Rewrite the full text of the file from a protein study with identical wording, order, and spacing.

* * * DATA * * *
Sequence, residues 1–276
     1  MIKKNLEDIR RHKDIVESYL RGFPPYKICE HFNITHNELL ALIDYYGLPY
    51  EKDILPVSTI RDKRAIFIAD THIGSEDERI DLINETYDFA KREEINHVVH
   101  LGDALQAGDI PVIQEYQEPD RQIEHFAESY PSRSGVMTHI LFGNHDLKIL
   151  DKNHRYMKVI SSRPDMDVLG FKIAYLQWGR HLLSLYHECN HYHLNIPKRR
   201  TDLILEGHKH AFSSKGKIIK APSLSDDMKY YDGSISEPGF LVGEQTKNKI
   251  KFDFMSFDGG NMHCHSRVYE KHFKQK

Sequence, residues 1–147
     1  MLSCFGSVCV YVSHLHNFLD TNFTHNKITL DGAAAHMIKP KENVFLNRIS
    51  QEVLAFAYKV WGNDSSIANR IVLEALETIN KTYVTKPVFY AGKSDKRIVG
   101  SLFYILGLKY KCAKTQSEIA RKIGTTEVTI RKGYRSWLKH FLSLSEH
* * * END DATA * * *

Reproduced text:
Sequence, residues 1–276
     1  MIKKNLEDIR RHKDIVESYL RGFPPYKICE HFNITHNELL ALIDYYGLPY
    51  EKDILPVSTI RDKRAIFIAD THIGSEDERI DLINETYDFA KREEINHVVH
   101  LGDALQAGDI PVIQEYQEPD RQIEHFAESY PSRSGVMTHI LFGNHDLKIL
   151  DKNHRYMKVI SSRPDMDVLG FKIAYLQWGR HLLSLYHECN HYHLNIPKRR
   201  TDLILEGHKH AFSSKGKIIK APSLSDDMKY YDGSISEPGF LVGEQTKNKI
   251  KFDFMSFDGG NMHCHSRVYE KHFKQK

Sequence, residues 1–147
     1  MLSCFGSVCV YVSHLHNFLD TNFTHNKITL DGAAAHMIKP KENVFLNRIS
    51  QEVLAFAYKV WGNDSSIANR IVLEALETIN KTYVTKPVFY AGKSDKRIVG
   101  SLFYILGLKY KCAKTQSEIA RKIGTTEVTI RKGYRSWLKH FLSLSEH